Invisible Walls, Puffy Clouds, and the Unheavenly World Behind Them

This is the transcript of a minitalk I gave at Lost Levels 2014, an “unconference” happening during the Game Developers Conference (maybe a bit too square and academic for that casual environment). It’s a topic I’ve addressed in every single talk in the last 10 years or so, but I thought it could benefit from a bit of framing and some nice pictures.


In that Empire, the Art of Cartography attained such Perfection that the map of a single Province occupied the entirety of a City, and the map of the Empire, the entirety of a Province. In time, those Unconscionable Maps no longer satisfied, and the Cartographers Guilds struck a Map of the Empire whose size was that of the Empire, and which coincided point for point with it. The following Generations, who were not so fond of the Study of Cartography as their Forebears had been, saw that that vast map was Useless, and not without some Pitilessness was it, that they delivered it up to the Inclemencies of Sun and Winters. In the Deserts of the West, still today, there are Tattered Ruins of that Map, inhabited by Animals and Beggars; in all the Land there is no other Relic of the Disciplines of Geography.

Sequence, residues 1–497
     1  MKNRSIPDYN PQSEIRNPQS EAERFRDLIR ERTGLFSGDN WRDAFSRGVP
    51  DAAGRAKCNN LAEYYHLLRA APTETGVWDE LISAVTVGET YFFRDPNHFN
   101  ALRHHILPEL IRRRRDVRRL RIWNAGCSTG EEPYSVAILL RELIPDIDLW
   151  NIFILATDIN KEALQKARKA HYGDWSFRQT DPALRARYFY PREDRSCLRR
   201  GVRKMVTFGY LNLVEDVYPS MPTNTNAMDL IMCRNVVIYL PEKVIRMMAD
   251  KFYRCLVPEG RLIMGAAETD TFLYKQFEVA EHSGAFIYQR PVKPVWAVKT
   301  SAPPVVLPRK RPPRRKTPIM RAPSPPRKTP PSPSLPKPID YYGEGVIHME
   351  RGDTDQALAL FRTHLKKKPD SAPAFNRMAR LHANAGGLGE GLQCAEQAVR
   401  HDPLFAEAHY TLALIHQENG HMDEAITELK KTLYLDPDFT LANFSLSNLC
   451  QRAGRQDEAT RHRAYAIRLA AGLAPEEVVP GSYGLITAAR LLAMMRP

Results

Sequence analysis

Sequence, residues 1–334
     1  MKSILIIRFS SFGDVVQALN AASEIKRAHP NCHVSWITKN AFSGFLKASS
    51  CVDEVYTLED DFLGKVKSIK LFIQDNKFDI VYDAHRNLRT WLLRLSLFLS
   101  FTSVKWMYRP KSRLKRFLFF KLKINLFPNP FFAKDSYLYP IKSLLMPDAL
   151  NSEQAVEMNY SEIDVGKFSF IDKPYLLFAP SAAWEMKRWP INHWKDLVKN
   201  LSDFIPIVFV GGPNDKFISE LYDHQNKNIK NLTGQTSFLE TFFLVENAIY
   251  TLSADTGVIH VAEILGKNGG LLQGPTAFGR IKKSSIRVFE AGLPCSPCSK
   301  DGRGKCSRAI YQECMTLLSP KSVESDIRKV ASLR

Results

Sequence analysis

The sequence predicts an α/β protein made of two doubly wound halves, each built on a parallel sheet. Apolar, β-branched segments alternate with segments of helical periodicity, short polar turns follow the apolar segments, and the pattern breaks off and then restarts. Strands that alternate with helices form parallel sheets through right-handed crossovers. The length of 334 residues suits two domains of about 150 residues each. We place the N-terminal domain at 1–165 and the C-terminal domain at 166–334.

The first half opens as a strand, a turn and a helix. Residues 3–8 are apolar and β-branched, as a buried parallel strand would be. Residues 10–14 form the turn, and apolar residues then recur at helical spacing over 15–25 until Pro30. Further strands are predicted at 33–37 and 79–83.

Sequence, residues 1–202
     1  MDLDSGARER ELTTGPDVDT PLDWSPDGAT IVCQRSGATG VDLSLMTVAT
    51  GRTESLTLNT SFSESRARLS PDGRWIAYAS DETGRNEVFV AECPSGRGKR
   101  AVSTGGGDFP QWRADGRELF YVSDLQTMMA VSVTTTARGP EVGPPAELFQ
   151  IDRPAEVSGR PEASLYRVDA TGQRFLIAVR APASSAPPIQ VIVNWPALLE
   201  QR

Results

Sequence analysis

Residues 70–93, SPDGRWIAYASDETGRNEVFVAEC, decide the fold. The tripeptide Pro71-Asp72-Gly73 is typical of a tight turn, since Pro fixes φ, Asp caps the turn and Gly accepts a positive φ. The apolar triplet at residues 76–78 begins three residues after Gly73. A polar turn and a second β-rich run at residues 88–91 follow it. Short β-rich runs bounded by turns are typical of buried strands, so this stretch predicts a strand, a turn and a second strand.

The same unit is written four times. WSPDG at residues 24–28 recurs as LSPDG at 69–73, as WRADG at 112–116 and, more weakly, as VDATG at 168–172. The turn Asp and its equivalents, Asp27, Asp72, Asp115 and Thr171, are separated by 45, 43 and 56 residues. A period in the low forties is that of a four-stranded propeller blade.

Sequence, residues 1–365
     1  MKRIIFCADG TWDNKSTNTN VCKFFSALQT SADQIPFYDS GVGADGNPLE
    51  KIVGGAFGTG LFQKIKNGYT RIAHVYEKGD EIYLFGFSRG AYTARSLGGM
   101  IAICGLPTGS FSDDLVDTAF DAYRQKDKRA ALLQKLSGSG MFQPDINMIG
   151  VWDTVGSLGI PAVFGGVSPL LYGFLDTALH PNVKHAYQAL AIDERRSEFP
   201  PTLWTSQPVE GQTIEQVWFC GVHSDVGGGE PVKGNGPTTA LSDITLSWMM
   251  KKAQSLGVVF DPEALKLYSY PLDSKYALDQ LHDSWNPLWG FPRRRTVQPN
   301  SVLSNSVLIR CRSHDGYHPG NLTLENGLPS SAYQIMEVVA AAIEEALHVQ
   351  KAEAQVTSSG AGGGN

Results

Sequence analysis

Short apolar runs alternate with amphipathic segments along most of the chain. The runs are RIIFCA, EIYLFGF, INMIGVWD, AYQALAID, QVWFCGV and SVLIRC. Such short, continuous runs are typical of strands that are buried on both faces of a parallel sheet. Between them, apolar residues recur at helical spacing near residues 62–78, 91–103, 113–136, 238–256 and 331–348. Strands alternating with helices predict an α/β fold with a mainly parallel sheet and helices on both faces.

-Jorge Luis Borges’s “On Exactitude in Science”


This short story is often quoted regarding the map-territory relationship.
You may have heard the expression “the map is not the territory”: a 1:1 map would be absurd and useless. A map is used to capture only certain features of a subset of territory.

Digital territories are similar to maps. They are not functional, they don’t typically employ sampling (although I suspect 3d scanning techniques will be used more and more in the future)
but they do attempt to model reality, to simulate familiar features of a territory.
Vice City and San Andreas are trying to capture the look and feel of New York and Los Angeles
without recreating them street by street.

Digital territories have boundaries too.
They are fascinating places.

Artist Mary Flanagan created a performative machinima exploring the borders of Second Life.
Walking for hours at the edge of these virtual real estates, where the digital landscape glitches away.

Virtual photographer Robert William Overweg made a series of surreal landscapes called the end of the virtual world documenting the boundaries of designed territories.

Even procedurally generated worlds like Minecraft are not really infinite.